Communism may have been discarded by the masses, but the fringe theatre seems committed to the idea that the author is the representative of bourgeois individualism. Composed of 'texts found and written by the company', Small Talk is a series of short, arch scenes that portray the struggles of Shona and Bill and the doctor who makes them more confused than they are already. It begins with a discussion in which the doctor - a straight-arrow neurotic type, Jack Lemmon with a bit of John Cleese, played by William Brook - elicits their dissatisfactions and unpleasant habits. Bill (James Eastaway), a recessive salesman, complains about his wife's belching; Shona (Sue Maund), more insistent, produces a diary crammed with notes in red ink: 'A little resume of my feelings over the past week - disturbed . . . very disturbed.'
Thereafter, Bill, Shona and the doctor, aided by three young women who take various roles, including visitors from another planet, demonstrate their discomfiture. Bill recalls fearing arrest by two policemen who make a sexually ambiguous remark to him in a cafe, Shona displays a shiny red case and says: 'I carry underwear with me everywhere I go.' The doctor's creepily mellifluous tones are contradicted by his emotional disarray. When a patient enters, he tells the nurse to undress.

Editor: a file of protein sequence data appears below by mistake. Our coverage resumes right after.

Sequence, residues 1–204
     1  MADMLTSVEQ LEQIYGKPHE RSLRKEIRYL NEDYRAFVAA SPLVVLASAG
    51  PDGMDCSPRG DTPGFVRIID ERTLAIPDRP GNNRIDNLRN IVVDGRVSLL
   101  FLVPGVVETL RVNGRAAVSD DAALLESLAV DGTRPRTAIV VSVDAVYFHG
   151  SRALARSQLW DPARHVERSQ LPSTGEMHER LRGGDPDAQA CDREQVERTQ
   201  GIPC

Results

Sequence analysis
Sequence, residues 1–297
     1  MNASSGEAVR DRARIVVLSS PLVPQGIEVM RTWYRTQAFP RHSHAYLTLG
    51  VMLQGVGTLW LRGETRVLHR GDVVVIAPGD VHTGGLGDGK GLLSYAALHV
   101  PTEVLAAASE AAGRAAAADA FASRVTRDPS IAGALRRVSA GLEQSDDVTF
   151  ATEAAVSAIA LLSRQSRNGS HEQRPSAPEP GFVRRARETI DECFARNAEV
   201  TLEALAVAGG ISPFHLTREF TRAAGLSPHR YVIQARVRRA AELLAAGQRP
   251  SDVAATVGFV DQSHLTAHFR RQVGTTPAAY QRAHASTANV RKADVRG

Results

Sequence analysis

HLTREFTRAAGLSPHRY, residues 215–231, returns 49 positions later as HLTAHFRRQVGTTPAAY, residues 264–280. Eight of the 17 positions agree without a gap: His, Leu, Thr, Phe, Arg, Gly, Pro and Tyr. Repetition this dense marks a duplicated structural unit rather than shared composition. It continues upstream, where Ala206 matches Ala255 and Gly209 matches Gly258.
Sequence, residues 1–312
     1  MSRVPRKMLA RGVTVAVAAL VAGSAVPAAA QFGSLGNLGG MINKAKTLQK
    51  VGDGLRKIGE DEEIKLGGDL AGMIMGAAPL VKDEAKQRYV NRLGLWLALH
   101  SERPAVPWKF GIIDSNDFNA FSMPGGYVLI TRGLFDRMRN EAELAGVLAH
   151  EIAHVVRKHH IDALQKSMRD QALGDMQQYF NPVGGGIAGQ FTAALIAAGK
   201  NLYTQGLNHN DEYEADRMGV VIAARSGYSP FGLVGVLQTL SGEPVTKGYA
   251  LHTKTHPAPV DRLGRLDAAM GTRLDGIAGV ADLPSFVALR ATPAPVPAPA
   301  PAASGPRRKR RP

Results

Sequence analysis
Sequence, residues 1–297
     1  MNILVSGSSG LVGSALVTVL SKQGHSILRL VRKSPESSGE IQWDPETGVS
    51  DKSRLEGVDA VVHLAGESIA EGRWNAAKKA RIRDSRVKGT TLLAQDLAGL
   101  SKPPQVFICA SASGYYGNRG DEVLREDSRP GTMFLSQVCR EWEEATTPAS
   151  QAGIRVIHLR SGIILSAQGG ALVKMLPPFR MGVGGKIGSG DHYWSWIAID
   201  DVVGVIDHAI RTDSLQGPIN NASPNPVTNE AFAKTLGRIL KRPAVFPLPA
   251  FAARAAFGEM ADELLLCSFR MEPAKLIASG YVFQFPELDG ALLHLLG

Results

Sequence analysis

'What do you do at night?' the doctor asks Bill, who replies: 'I examine my body for signs of life.' This would be funnier if we had not already heard Shona say, about a physical examination, 'I examined my body as if I had one.' For a 75-minute play, Small Talk is rather parsimonious with ideas. And not all that time is spent talking. Three times the company abandons language for a sequence of jerky, disco-chicken movements.
The final scene in Lisa Baraitser and Simon Bayly's production shows the couple, who are now expecting their first child after 22 years of marriage, being counselled by the doctor about an amniocentesis. With charts illustrating X and Y chromosomes, he explains that Shona, now over 40, risks having a defective baby and asks what they plan to do. Timidly, they ask: 'What do most people do?' The silliness of Small Talk hardly prepares us for this earnest talk, and the apparent demand for involvement with the characters' plight impresses one with its effrontery rather than its sincerity.
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